On social media, you may have seen posts where someone throws a pot of boiling water into the air on a really cold day and it turns to snow immediately. It’s a pretty neat trick but it’s a lot harder than it looks.
Here in Vermont, it can get pretty cold. It’s not so unusual for our winters but while a lot of people like to stay inside and drink hot cocoa, David Brueckner lives for days when the temperature drops to negative digits. Because that’s perfect weather for getting creative!
Throw Boiling Water in the Air? Why Not?
David wanted to take the idea a step farther. So he thought, hey, let’s do it at sunset. Because that will be beautiful. And let’s do it on Lake Champlain, because it can give you a pretty amazing background. Oh, let’s add some lights. Because it’s going to be dark. And one more thing, let’s add some color to it, just for fun!
To do this properly, David needed several things:
- A flash on a lightstand he could put behind his subject;
- A subject willing to chance getting wet (multiple times) in the freezing cold;
- Several buckets of very hot water;
- A camera to capture the image;
- PocketWizards to trigger it all;
- And Mother Nature to cooperate and give him a clear, cold day with amazing light.
David likes the PlusX radios because they are so simple. Just plug them in, match the Channels, and you’re good to go, then it’s up to Lady Luck and a skilled water throwing subject!
The trouble with a shoot like this is that you don’t get a lot of retakes. David shoots either near sunset or sunrise, so his time window is already super short and at those temperatures, you can’t stand around waiting. You have to be ready to move fast.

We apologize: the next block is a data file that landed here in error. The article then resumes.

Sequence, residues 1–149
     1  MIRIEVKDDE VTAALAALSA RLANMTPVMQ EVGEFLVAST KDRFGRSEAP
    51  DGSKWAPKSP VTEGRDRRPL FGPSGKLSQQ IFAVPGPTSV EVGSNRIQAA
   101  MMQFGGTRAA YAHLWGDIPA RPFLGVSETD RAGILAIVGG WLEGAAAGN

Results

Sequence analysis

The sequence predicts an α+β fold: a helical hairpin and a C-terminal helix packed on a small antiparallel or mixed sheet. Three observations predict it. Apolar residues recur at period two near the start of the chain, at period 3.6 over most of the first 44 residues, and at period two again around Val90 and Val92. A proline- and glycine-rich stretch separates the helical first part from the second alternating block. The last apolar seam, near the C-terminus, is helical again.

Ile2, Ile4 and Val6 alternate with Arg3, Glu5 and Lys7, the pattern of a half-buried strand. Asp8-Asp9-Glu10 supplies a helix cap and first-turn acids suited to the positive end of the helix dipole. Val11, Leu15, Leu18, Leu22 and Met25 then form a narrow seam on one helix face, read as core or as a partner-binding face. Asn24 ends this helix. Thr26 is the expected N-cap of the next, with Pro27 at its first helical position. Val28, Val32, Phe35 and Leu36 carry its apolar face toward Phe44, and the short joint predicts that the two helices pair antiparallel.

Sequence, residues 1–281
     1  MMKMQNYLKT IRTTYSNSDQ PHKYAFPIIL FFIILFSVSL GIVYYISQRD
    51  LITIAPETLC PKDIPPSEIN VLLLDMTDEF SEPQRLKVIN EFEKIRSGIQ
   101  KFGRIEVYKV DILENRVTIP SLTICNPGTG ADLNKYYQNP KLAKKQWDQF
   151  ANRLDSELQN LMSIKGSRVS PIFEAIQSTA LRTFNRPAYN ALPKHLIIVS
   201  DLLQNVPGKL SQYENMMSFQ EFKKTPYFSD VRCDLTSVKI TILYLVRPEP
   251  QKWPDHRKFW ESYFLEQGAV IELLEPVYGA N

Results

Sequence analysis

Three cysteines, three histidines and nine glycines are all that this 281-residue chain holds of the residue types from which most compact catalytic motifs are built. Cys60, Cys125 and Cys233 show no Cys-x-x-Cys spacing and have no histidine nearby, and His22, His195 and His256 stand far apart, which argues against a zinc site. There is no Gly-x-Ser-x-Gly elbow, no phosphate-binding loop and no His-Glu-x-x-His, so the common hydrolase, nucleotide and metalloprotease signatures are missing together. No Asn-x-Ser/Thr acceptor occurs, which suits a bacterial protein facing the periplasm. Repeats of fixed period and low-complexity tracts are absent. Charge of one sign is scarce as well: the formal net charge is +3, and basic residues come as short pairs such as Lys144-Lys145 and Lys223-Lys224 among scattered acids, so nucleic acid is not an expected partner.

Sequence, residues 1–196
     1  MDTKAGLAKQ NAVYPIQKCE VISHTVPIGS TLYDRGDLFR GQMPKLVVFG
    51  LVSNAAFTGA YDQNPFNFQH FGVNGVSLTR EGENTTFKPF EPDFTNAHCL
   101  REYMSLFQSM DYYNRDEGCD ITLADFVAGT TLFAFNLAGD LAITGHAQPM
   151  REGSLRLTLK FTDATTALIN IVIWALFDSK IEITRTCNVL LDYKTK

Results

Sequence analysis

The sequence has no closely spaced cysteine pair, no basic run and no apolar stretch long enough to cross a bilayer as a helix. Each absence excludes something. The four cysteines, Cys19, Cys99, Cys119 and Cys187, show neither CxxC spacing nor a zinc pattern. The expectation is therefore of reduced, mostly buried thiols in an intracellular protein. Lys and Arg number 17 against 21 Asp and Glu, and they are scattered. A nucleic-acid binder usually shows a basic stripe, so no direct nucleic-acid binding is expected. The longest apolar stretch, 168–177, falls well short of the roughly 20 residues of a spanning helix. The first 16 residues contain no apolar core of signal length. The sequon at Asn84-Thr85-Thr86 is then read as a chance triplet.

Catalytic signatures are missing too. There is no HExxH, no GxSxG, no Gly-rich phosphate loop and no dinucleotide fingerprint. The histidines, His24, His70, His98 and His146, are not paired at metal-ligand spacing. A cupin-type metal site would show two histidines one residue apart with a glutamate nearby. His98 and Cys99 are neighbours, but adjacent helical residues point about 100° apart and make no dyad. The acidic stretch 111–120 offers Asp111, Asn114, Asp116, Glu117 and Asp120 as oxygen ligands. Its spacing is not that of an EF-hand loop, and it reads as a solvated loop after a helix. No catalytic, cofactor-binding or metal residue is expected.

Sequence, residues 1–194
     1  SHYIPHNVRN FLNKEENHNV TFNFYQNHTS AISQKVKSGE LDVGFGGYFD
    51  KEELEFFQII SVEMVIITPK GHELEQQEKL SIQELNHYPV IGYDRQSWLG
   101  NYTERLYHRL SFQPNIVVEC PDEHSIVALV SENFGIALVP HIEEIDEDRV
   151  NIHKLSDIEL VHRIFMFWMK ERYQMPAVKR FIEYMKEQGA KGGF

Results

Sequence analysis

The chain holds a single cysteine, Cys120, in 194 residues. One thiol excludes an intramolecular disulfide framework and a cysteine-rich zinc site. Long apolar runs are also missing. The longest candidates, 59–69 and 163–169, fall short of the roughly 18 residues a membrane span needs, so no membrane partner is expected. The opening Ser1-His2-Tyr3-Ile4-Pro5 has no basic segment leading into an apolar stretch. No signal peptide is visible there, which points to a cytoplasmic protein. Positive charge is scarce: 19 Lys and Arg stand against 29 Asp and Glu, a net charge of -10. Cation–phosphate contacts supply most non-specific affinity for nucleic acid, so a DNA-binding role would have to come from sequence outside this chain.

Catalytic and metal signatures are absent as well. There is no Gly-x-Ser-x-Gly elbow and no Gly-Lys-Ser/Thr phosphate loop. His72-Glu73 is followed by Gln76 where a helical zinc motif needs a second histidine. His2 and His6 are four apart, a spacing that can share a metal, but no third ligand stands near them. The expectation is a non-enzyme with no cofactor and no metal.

How Exactly Do You Make This Work?
David picks a spot on the lake with a great background and makes sure the ice is solid. Because it’s Vermont, the temperatures can vary dramatically and you typically can’t plan a shoot like this very far in advance, usually only a few days or maybe a week, tops. For the water to vaporize, the air temperature has to be at least -10 F (that’s -23 in Celsius!) and the water has to be boiling. Temperatures that cold impact EVERYTHING. David and his model only have a few minutes outside, then they need to bring everything back to the car to warm up. To get about 20 shots, it takes about an hour.
He sets up his lights, making sure the stand is hidden behind the subject and turns everything on. At this point, he has the model grab the cup of water then get into place. Then it’s time to shoot!
They have to work quickly, there’s only enough time for about 5-6 attempts before everyone needs to get back into the car to warm up. Once everyone (and everything) is warm enough, they pop out and shoot again for a few minutes. It takes about an hour to do a full session.
David’s Best Tips and Tricks:
- Biggest tip: Throw the water off to the side, not directly over head! Lindsay tossed the water with the hand that was further from the camera and kept it off the the side as she threw it in an arch.
- Second biggest tip: Light the water from behind the subject.
- Make sure the air temperature is at least -10 if not colder
- Use handwarmers taped to your flashes to help keep the batteries warm. Also, have extra batteries ready and warm in your car. (and keep the car running!)
- The water has to be boiling. Keep it in a thermos and just use a cup/mug at a time.
- Wear gloves (fingerless gloves are perfect for this!).
- Use a wide angle and leave plenty of room overhead to catch the water as it vaporizes.
- Be patient with the shutter release. Wait till the water is spread out so the vapor fills the frame.
- Watch your lighting. As the sun comes up or goes down, you’ll need to adjust the camera settings and maybe switch into (or out of) HyperSync.
- You can get a larger arch and bigger effect by using a larger pan or cup of water but you’ll got through your water supply faster.
David’s looking forward to the next cold snap to shoot more images this year. Check out his Facebook page for updates!
If you decide to try this type of photo shoot:
Be sure to check the ice and make sure it is thick enough to support people and equipment – usually at least 4 inches thick. If you are driving a vehicle out onto the ice, it needs to be at least 8-12″ thick.
Using boiling water can be VERY dangerous, especially for children. It can cause 2nd and 3rd degree burns. If boiling water lands on clothing, the material can retain the heat, extended contact with skin and prolonged contact with heat. This can result in deeper burns.
Please be careful AND safe if you decide to try this. Good luck and let us know how it goes!